If you ask yourself, “What is the most powerful force on the face of the earth?” what would your answer be? Maybe the sun, the ocean or nuclear explosives?
The most powerful force on the face of the earth is other than the indomitable and invisible kingdom of God. Yes, those in the state of grace carry within themselves the most powerful force in the universe, the life that begets the kingdom within.
The readings for the 11th Sunday of Ordinary Time describe this force using metaphores. The first reading uses the imagery of a twig plucked from a giant tree and planted in Jerusalem. It becomes the tallest and largest of trees. Judaism and Christianity are powerful because they represent the kingdom of heaven on earth.
In the second reading, we have the imagery of the invisible kingdom within. Paul states, “While we are at home in the body, we are away from the Lord, for we walk by faith.” He continues: “We would rather leave the body and go home to the Lord.” In other words the kingdom of heaven within is so powerful that it creates a profound desire to be free of the body and at home in heaven.
In the Gospel of John, Jesus tells us, “And I, if I am lifted up from the earth, will draw all people to myself” (John 12:32). The kingdom of heaven is constantly drawing us toward heaven, but only with our permission and our cooperation.
In the Gospel reading for Sunday, Jesus gives us a vivid description of the kingdom. “This is how it is with the kingdom of God; it is as if a man were to scatter seed on the land and would sleep and rise night and day, and through it all the seed would spout and grow, he knows not how.”
The kingdom of heaven is alive within us. From day to day, we don’t see progress any more than we do watching a plant grow daily. However, over the course of weeks, we watch a stalk of corn develop, first its leaves, then tassels and then ears of corn and finally the ripe corn.
So it is with the kingdom within. We sometimes are drawn to devotion. At other times we are averse to it. We would rather satisfy the desires of the body. But over time, we see virtues develop, and these bring great consolation to our spirit within. They are clear signs that the kingdom within is taking shape and beginning to bear fruit.
Jesus uses another parable, that of the mustard seed. It’s very tiny when planted, but eventually becomes a large shrub, providing mustard seed for food and large branches in which birds take shelter from the hot sun.
From all of these reflections on the nature of the kingdom of heaven, it’s obvious that God’s power provides the growth that takes place. Focus for a moment on the power of the kingdom within.
Once we learn what God wants in our lives, we sometimes want to take over the process and make it happen. Have you ever been successful? Of course not! Willpower Christianity doesn’t produce virtue. It may produce actions that make us proud that we are in charge, but these actions are not virtuous actions because they flow from us, not from the Blessed Trinity.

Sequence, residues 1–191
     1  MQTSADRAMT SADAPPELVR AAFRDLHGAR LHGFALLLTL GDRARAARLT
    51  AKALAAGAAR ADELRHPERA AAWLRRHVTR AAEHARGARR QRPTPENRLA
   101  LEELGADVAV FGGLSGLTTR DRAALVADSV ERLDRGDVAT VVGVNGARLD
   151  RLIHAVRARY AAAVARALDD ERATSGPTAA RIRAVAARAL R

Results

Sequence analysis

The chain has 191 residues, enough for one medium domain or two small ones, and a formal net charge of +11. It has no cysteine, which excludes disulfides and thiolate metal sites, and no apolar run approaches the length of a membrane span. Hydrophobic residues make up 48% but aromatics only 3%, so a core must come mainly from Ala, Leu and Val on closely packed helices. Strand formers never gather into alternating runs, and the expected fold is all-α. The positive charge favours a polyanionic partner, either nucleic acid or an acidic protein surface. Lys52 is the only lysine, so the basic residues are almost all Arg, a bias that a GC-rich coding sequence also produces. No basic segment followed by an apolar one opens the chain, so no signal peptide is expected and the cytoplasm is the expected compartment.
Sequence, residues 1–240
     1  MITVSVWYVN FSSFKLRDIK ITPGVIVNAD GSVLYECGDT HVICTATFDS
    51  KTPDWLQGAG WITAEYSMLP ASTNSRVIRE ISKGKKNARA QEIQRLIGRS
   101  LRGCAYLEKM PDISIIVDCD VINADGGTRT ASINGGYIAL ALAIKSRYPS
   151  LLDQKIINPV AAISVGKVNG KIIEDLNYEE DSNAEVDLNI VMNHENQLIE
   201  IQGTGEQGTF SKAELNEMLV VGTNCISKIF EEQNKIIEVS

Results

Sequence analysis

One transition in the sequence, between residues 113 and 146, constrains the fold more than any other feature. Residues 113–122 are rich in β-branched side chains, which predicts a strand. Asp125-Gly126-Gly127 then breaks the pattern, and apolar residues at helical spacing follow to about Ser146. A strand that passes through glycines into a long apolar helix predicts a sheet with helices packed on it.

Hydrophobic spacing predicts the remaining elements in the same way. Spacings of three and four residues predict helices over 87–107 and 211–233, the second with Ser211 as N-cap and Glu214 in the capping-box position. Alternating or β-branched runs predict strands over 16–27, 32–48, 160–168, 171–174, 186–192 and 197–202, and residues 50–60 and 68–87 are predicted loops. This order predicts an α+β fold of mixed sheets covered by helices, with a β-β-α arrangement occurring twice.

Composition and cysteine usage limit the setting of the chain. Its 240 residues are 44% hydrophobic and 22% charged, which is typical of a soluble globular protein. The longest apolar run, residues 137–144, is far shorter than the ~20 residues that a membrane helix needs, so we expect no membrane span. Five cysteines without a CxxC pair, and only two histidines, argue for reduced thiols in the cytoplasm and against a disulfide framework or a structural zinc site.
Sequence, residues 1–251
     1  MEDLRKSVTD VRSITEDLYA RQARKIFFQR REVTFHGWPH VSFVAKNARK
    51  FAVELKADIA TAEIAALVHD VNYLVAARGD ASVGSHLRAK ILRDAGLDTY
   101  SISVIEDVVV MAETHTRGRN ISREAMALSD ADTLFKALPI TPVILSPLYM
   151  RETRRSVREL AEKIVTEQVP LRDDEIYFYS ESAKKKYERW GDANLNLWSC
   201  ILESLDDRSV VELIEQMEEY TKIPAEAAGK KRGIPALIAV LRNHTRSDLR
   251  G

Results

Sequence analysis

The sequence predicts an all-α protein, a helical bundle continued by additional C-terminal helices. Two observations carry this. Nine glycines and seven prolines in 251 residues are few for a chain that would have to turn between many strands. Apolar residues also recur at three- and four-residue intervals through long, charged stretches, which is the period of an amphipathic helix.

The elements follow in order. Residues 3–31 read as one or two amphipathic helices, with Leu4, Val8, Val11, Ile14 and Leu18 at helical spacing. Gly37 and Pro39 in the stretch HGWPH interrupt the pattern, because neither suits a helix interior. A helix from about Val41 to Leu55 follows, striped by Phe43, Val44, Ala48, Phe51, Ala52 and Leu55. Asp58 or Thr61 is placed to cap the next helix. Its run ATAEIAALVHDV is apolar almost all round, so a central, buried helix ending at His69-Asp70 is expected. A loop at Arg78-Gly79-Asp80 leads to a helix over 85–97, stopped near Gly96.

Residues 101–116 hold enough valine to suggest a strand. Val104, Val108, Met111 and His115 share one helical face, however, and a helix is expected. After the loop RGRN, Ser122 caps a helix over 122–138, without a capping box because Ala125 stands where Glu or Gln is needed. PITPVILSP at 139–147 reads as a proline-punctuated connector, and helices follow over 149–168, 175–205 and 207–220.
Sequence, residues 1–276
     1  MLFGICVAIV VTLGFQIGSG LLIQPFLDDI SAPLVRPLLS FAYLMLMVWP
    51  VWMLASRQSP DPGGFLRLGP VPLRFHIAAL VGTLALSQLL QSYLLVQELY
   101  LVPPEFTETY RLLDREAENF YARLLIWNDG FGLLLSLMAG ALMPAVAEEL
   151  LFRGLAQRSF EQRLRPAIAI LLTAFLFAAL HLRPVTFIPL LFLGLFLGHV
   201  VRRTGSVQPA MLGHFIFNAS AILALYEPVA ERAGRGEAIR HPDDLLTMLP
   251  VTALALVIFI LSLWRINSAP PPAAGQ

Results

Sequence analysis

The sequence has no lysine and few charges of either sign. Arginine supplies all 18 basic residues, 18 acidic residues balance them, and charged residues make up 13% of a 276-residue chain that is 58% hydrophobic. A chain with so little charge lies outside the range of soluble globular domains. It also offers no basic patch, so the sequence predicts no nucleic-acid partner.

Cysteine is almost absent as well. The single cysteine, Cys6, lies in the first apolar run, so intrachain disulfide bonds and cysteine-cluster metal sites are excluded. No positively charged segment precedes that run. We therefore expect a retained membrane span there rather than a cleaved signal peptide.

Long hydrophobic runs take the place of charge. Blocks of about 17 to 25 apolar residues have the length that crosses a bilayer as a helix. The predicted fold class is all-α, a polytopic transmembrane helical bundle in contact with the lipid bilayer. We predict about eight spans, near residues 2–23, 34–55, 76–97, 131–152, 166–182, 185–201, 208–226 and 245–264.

God’s life and love flow into us only with our permission. Think of a rebellious 2-year-old boy standing up in a high chair. The father tells him to sit down, and the boy is defiant. Finally, the father gets up from the table and moves toward the boy. The boy quickly sits down but then says, “On the outside I am sitting down, but inside I am still standing up.”
The fear of the father produced outward compliance, but not the virtue of obedience. Virtue is power sourced from on high. That is why it’s sometimes good for us to not succeed when we carry out our own great plans for spiritual growth.
An alcoholic cannot make progress in sobriety until he comes to terms with the need for a higher power. We may get ourselves to Mass every Sunday and take great pride in this accomplishment, but if we are not growing in virtue, we are only growing in pride.
Virtue consists in having a life immersed in a vibrant relationship with Jesus, out of which flow the habits of forgiveness, compassion, generosity and love for the poor and the downtrodden. A virtuous person enjoys reaching out to the broken-hearted and the alienated because this gives the person an outlet for the love inside wanting to escape to the hearts of others it can nurture. For such persons, there is no difference between meeting Jesus and meeting the broken-hearted. They are one and the same. Everything we received came from the cross, so why should we not pass along the compassion we have received and allow the kingdom to continue to unfold from within?
Since the kingdom of God is the greatest force upon the earth, dare we ever to go to bed without spending some time getting in touch with what is happening inside? God needs my permission to unfold within me. The more I am in touch with my inner poverty, the more readily will I give Him permission to foster virtue within. Giving our God at least a little hospitality before going to bed at night sets Him free to go to work while we sleep.